I rely on public transportation everyday. I take the train to work, sometimes the bus or the tram. I also occasionally walk when the weather is nice. I should be honest though, it takes me 20-25 minutes to get from my front door to the office no matter which type of transportation I use; walking, bus, MTR. I enjoy having choices.
I also have a fairly precise system. On weekdays I always take the MTR, so I can collect 10 rides and get a free pass for the weekend. When I go to work, I get on at the 6th car, at the door with the handicap accessible sign, because it is the door that is the closest to my exit in Causeway Bay. When I go home or to Central, it is the last door of the 3rd car. In central it is essential: this door is closest to the stairs and escalator that are nearest to exits A, B, C and D. People run to the escalator, arms straight down at their sides, clutching a briefcase, shoving to reach the way out before everyone else crowds around the foot of the moving stairs. Those 30 seconds will probably make or break their day. Obviously. I weave my way out behind the runners, and take the stairs. It’s a bit slower, but it is also less crowded and annoying.
On the weekends I take whatever seems most convenient. If there is a bus at the stop when I arrive, I will take it. If there isn’t a bus, I won’t wait; doing so would add up to 10 minutes to my commute. If there is a tram pulling in, and the weather is cool, I will hop on the tram for only 2.30 HKD; I can pay in change. If neither option is available, I might take the MTR. If I am annoyed at going up and down 4 sets of escalators in the morning, I will probably just walk.
The last week, however, was unusual. I was on Lantau on the holiday, and was planning to ferry back to Hong Kong Island in the evening. We looked up the schedule, there was a ferry scheduled at 6pm, and we arrived at 5:50. We thought we were set. We were wrong.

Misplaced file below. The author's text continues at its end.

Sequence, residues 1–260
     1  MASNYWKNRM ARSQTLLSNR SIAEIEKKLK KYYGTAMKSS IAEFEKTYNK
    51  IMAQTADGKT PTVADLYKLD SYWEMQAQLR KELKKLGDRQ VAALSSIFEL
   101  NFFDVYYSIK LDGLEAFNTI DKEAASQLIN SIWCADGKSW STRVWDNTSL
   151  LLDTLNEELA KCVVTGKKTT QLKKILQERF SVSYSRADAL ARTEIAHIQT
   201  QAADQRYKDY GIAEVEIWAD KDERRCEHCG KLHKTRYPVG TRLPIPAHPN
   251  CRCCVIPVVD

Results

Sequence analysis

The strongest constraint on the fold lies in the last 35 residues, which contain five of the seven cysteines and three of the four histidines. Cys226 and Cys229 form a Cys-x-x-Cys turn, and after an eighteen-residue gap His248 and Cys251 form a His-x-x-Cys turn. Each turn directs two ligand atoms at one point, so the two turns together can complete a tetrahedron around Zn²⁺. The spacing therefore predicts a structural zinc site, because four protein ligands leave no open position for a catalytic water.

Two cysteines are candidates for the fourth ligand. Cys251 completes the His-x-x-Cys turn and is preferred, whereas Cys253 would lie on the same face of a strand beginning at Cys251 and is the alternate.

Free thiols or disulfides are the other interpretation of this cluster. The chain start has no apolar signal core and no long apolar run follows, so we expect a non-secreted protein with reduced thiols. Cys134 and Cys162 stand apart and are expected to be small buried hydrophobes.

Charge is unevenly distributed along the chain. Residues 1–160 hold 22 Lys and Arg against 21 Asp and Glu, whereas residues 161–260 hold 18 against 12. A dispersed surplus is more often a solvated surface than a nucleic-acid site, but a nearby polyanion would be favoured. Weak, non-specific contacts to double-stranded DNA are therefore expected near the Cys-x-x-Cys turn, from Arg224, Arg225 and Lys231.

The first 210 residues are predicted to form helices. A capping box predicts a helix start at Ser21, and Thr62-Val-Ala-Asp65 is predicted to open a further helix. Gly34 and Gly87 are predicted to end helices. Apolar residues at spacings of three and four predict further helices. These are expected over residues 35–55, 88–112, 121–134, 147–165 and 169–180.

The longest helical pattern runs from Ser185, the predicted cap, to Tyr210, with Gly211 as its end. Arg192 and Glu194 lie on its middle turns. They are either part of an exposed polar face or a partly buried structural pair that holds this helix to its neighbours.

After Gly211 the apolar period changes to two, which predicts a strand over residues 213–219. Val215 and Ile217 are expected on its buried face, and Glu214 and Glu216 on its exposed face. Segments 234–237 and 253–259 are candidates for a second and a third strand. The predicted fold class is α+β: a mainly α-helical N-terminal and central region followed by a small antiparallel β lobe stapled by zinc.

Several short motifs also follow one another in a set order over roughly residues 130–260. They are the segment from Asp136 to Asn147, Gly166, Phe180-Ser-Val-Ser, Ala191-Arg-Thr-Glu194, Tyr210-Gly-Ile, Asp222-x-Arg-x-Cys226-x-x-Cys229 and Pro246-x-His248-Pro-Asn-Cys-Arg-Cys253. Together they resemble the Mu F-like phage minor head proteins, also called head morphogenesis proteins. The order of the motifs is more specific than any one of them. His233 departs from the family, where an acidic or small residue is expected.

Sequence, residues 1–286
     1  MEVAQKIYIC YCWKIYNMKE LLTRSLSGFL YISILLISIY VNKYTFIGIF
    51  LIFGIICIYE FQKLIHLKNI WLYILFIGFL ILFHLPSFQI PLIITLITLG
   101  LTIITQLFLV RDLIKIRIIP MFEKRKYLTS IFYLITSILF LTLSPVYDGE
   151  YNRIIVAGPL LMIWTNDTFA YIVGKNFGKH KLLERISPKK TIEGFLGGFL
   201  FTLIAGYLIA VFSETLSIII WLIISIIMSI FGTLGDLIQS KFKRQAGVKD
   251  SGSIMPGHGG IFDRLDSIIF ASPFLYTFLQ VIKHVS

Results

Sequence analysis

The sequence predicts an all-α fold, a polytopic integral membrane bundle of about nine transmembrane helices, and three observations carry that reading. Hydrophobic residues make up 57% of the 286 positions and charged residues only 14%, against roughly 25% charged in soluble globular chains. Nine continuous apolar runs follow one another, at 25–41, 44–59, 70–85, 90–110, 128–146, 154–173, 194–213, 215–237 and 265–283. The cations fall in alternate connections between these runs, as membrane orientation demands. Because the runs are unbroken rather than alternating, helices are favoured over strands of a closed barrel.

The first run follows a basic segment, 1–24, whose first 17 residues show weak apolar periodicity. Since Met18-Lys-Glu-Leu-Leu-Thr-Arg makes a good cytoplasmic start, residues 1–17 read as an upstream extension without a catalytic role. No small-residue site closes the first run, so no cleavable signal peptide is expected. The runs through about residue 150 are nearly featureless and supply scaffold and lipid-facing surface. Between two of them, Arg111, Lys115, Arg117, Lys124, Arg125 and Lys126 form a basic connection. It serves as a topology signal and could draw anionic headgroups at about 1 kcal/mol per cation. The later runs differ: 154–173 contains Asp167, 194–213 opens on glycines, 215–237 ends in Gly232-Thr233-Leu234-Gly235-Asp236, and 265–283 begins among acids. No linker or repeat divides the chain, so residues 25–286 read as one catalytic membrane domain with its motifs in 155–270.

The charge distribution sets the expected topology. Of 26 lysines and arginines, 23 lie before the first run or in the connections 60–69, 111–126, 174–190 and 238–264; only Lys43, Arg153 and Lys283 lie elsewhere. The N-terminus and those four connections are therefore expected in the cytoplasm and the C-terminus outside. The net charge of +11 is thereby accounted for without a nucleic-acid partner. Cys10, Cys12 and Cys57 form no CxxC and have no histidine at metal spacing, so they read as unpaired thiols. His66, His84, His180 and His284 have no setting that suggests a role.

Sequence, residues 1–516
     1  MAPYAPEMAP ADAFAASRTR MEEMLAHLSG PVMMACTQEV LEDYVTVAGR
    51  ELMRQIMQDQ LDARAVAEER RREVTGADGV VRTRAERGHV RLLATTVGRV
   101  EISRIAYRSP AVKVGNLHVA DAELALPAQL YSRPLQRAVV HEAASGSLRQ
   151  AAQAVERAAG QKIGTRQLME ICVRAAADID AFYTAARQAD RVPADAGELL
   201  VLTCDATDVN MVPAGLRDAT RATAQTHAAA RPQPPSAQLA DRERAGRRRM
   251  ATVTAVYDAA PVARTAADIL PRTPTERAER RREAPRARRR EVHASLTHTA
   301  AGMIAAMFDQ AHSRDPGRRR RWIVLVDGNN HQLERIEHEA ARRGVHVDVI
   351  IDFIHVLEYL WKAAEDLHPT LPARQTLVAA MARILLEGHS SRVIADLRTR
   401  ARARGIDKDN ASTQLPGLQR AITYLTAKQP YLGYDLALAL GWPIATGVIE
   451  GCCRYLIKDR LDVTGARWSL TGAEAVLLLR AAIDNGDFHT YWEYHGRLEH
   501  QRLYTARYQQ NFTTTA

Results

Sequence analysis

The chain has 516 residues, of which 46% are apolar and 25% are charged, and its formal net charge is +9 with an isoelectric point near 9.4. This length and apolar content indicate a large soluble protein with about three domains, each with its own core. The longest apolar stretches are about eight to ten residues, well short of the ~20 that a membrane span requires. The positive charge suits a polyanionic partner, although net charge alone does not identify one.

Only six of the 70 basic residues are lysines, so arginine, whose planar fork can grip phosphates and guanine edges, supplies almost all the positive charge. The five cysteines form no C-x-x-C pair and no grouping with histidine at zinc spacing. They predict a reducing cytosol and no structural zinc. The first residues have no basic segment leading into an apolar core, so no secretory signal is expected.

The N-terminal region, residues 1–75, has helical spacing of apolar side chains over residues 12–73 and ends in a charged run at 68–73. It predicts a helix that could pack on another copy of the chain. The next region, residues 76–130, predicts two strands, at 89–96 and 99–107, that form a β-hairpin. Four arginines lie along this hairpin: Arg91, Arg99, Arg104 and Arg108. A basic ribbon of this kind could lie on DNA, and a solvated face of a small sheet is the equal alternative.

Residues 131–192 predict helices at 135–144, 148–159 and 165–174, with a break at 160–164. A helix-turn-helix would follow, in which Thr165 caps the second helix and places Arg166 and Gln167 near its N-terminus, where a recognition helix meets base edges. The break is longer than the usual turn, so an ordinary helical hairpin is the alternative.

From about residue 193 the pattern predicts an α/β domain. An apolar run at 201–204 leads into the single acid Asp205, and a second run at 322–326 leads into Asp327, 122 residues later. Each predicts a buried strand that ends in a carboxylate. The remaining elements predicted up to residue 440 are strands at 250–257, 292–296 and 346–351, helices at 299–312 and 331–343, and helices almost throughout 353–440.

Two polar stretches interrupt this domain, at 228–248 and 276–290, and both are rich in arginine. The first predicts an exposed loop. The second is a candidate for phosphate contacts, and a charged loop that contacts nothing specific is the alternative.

When we got to the pier there was a massive crowd: a few hundred people trying to get to HK island for the festival fireworks. A few others were going for different reasons, maybe dinner, drinks. The signs over the entrances to the boats had the “next sailing” labeled at 18:40 and 20:00, with nothing labeled for “this sailing.” People tightly packed in around both entrances, hoping for a change, while we scrambled around trying to find out what was going on.
The schedule was messed up because of the festivities. The fireworks were going off in the harbor, so the ferries were canceled for the duration. Three ferries remained going to HK island. But because of the crowd, they added an extra at 18:05. We budged into the line and refused to let people budge past us, but it was not enough. 10 minutes after the announcement the ferry was filled to capacity, the next one sailed at 6:40. The crowd still packed in like a mosh pit.
Pete wanted me to see the fireworks, I wanted to remove myself from the crowd. “Why don’t we go get beers and wait for the crowd to leave?” It took us serious shoving and determination to move out of the thick of it. The worst of it was when I had to squeeze past a frail looking old woman being sheltered from the outside forces by her grown daughter. I took extra care to make sure my work bag and my overnight bag didn’t hit her in the face.
We encountered an acquaintance with his daughter on his way to the fireworks, and informed him of the difficulties. He pondered the dilemma, and mentioned they had also been invited to a party on this island, maybe they would go to that. We invited him for a beer, and I talked to the disgruntled 8 year old daughter for a minute as we walked. She wasn’t so into the idea of beers.
They soon left us for the party, thereby cheering the feminine spirit. I spent the next three hours drinking beer, convincing them I didn’t need any of the famous Chinese Fireworks because I am American, then drinking wine and eating generic Turkish food at the restaurant I’d wanted to try. (side note: The mezze platter left much to be desired. Let it be known that any Turkish restaurant that serves humus is not nearly authentic enough. It is hard to find humus at a restaurant in Turkey, they should instead serve spicy tomato based things and olives.)